How all Bombay, how half India, made great lamentation for John Wilson, and carried him to his burial, the journals of the day record. Governor, Council, and Judges; University Vice-Chancellor, General, and Sir Jamsetjee Jeejeebhoy; Missionaries, Chaplains, and Portuguese Catholics; the converts, students, and school children; Asiatics and Africans of every caste and creed, reverently followed all that was mortal of the venerated missionary for two hours as the bier was borne from “The Cliff” along Malabar Hill, and down the road which sweeps round the head of the Back Bay to the Free Church on the Esplanade, and then to the last resting-place.

The University of Bombay possesses his library, and a marble bust of its virtual founder by Mr. J. Adams-Acton. His countrymen in Scotland have founded memorial scholarships to stimulate the youth of the Border to follow in his footsteps. Dr. Norman Macleod’s proposal in 1870, that Dr. Wilson’s Institution should become the United Christian College of Bombay, is likely to be carried out. Mr. Vice-Chancellor Gibbs, at the first convocation of the University afterwards, paid this official tribute to the learning and reputation of his predecessor :— “ This venerable missionary brought all his power, tempered by a most catholic spirit, to the service of this University; and in every branch of its government, including the office which I have now the honour to hold, gave it not only his best and warmest support, but also the incalculable benefit of his great experience as a teacher and guide of the native youth of this presidency. He has gone, in the fulness of the age allotted to man, to his reward and his rest; the regret we entertain for his loss is sincere, though perhaps selfish, but all will, I think, agree in the applicability to him of the often-quoted sentiment of the Prince of Denmark :—

“He was a man, take him for all and all,
We shall not look upon his like again.”

Captain R. Mackenzie, I.N., writes to us of his work among the officers of the Indian Navy:—“Under his usual calm and placid demeanour there lay a strong current of genial humour which he often gave vent to in his intercourse with his more intimate friends. The interest he manifested in the spiritual welfare of the officers both of the Army and the Indian Navy soon made Ambrolie Mission House a great centre of attraction for many in both services ; and the awakening to spiritual life that manifested itself very decidedly on the western side, can be traced to the prayers and influence of Dr. Wilson. Apart from his work among the native community, had he done nothing more than what he was directly and indirectly instrumental in accomplishing among his own countrymen of all classes, he would have done enough.”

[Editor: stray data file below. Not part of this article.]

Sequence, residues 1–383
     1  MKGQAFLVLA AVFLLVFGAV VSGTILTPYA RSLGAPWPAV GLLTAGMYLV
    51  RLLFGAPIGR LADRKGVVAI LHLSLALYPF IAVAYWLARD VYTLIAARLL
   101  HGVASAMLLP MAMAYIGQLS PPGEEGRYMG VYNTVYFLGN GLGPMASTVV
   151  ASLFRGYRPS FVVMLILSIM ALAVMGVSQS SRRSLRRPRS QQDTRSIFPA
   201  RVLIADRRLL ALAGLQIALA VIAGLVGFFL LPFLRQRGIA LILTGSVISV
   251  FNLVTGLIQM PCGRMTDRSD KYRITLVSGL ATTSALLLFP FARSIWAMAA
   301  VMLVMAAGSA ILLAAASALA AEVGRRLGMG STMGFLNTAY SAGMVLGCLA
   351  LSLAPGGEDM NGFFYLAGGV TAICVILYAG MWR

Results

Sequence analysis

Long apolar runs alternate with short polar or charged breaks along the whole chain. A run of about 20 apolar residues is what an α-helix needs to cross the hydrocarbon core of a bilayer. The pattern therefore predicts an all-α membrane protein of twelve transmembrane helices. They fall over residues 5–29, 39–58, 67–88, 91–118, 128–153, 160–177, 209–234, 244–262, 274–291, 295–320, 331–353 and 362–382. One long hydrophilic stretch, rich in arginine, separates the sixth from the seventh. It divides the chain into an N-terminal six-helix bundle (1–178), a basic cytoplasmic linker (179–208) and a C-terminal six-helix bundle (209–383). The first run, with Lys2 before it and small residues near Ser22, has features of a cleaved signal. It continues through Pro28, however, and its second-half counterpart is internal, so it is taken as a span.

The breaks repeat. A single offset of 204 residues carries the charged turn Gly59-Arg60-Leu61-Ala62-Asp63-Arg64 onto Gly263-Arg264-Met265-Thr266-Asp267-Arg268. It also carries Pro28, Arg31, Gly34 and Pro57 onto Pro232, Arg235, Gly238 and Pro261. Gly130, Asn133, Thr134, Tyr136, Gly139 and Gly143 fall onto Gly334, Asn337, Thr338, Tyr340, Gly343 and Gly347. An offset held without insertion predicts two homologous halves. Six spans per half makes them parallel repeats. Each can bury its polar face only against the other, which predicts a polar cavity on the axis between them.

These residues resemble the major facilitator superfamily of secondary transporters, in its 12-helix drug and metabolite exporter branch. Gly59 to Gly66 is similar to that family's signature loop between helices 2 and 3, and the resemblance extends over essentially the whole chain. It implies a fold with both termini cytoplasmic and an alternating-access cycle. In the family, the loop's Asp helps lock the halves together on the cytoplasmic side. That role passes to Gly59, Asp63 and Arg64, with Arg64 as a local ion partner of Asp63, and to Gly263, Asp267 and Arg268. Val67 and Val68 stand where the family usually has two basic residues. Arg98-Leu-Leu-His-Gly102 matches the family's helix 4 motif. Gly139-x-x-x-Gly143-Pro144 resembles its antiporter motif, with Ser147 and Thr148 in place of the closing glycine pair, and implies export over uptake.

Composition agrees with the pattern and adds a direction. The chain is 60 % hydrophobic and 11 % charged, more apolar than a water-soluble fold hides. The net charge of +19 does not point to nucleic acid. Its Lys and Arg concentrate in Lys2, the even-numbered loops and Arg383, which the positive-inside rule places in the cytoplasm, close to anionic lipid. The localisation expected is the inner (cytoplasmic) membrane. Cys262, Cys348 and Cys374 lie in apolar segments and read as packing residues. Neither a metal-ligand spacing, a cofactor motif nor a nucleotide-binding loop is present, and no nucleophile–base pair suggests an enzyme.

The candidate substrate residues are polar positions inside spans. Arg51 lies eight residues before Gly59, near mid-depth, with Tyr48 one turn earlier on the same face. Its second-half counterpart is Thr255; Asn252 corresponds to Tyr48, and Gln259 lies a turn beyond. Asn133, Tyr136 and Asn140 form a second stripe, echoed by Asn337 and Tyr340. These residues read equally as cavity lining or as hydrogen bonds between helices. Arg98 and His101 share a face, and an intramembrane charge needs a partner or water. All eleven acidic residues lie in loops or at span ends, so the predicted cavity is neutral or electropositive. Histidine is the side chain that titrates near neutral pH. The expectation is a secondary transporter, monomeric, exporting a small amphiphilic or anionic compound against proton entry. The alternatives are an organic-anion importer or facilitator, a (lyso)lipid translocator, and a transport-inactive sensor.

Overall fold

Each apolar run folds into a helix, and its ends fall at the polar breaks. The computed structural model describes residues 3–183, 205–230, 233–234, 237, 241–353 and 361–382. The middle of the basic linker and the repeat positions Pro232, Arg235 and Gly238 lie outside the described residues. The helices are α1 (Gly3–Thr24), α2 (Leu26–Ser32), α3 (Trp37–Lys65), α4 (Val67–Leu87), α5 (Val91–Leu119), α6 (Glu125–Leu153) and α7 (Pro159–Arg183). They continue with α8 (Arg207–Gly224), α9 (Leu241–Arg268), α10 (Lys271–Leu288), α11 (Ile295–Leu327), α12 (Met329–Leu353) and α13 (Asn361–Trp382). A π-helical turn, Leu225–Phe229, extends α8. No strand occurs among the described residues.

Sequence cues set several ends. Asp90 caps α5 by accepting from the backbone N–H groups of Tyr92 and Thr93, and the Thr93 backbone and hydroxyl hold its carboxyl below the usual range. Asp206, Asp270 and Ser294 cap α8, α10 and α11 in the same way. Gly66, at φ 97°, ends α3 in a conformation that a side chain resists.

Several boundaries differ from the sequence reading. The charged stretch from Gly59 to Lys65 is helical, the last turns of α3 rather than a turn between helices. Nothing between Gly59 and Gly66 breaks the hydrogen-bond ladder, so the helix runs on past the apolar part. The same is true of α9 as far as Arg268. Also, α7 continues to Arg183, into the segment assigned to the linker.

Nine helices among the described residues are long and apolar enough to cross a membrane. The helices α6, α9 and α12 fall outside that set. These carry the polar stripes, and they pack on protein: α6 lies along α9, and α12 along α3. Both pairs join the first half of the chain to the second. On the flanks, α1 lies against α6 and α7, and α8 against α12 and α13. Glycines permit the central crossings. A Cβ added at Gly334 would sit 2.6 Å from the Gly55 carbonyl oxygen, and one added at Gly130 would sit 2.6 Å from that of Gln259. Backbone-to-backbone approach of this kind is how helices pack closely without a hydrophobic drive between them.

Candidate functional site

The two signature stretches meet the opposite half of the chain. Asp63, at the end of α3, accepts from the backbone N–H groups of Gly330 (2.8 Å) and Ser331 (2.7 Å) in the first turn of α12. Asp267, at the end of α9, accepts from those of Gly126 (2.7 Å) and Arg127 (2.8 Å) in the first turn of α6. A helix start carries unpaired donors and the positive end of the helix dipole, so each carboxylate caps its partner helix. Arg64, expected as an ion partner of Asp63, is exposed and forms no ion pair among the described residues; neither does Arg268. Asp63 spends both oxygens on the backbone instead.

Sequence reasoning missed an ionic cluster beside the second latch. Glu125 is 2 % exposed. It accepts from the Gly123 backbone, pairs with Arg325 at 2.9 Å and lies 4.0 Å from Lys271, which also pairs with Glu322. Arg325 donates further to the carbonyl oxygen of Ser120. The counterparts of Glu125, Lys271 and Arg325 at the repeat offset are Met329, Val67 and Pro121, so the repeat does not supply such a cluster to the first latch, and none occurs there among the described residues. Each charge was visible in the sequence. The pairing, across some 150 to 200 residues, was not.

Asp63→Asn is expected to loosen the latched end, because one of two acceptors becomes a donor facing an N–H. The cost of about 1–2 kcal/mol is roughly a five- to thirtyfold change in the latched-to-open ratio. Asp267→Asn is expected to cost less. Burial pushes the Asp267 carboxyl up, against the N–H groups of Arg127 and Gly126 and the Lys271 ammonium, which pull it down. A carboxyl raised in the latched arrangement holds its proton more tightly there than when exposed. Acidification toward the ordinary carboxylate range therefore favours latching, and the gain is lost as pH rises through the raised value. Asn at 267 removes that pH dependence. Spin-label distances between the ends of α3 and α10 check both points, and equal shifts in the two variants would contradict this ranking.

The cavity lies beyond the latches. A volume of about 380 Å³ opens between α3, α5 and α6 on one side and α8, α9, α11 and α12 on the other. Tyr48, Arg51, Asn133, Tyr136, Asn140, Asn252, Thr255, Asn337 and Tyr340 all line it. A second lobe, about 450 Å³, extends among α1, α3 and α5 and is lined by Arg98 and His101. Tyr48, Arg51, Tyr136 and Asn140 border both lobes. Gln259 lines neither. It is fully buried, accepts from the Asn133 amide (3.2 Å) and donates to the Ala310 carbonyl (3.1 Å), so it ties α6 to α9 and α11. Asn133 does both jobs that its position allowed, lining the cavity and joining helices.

Major-General Ballard, C.B., and his wife enjoyed Dr. Wilson’s friendship for sixteen years, and they were long his neighbours on Malabar Hill. Mrs. Ballard recalls his care of the native converts, and his unwearied patience with all their difficulties. “How often have I watched one after another go in at his gate, all sure of a welcome, of his courteous attention and sympathy. No matter how interesting the study in which he was engaged, he seemed to me to be always ready to lay it down if he could do the least good to a human soul, or speak a kind word to a sorrowing heart. He always appealed to what was best in every man. He fixed his eye steadily, not on the weaknesses, the inconsistencies of frail human nature, but on the inherent dignity of the soul, the priceless value of that for which Christ died. I have heard a Native Christian of low caste say in a tone that touched my heart, ‘Dr. Wilson believes me; the Padre Saheb knows I say true; ’ as if hugging to his soul the consciousness that some one trusted him. I have heard those who were incapable of having even a glimpse of the nobleness of his nature say with a smile that he was ‘often taken in.’ I never could admit that it was a reproach to say so—not unless it be a reproach to say that a man’s soul is steeped in charity, the charity that tliinketh no evil, that ‘beareth all things, believeth all things, and hopeth all things.’ Yes, he was often taken in, and in nothing do I venerate his memory more. I venerate it, because when he had been deceived and disappointed, chilled with ingratitude or wearied with inconsistency, he was able to begin afresh to love and to pity, to hope and to trust. Few of us are capable in this sense of being ‘often taken in!’

“But we must not overlook what his life and example did for many of the natives who felt his elevating influence though they lacked the moral courage or the strength of conviction to profess his faith. A Parsee gentleman said to me soon after his death, ‘ Dr. Wilson did not make me a Christian, but I hope I am a better man for having known him than I would otherwise have been.’ This may be said of hundreds in Bombay. There is one class of Dr. Wilson’s native friends that I cannot think of without sadness—the students, numbering hundreds in Bombay, who had the privilege of being instructed by him; to whom all the doctrines of Christianity are familiar; who are convinced, as many of them acknowledge, of the worthlessness of their own system, but who outwardly cling to it still. I never saw Dr. Wilson look so sad as in speaking of some of these—‘They know they ought to be Christians.’ Surely it cannot be that so much love and so much labour have been expended in vain!